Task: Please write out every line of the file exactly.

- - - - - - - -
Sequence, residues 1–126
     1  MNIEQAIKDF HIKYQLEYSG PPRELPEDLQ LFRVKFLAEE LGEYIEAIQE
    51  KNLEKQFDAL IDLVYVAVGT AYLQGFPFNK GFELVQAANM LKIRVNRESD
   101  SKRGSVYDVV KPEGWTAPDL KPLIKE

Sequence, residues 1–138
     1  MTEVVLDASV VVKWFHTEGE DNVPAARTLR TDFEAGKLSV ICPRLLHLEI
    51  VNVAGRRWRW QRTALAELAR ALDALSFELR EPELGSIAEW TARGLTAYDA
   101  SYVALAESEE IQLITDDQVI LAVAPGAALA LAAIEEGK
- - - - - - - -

Sequence, residues 1–126
     1  MNIEQAIKDF HIKYQLEYSG PPRELPEDLQ LFRVKFLAEE LGEYIEAIQE
    51  KNLEKQFDAL IDLVYVAVGT AYLQGFPFNK GFELVQAANM LKIRVNRESD
   101  SKRGSVYDVV KPEGWTAPDL KPLIKE

Sequence, residues 1–138
     1  MTEVVLDASV VVKWFHTEGE DNVPAARTLR TDFEAGKLSV ICPRLLHLEI
    51  VNVAGRRWRW QRTALAELAR ALDALSFELR EPELGSIAEW TARGLTAYDA
   101  SYVALAESEE IQLITDDQVI LAVAPGAALA LAAIEEGK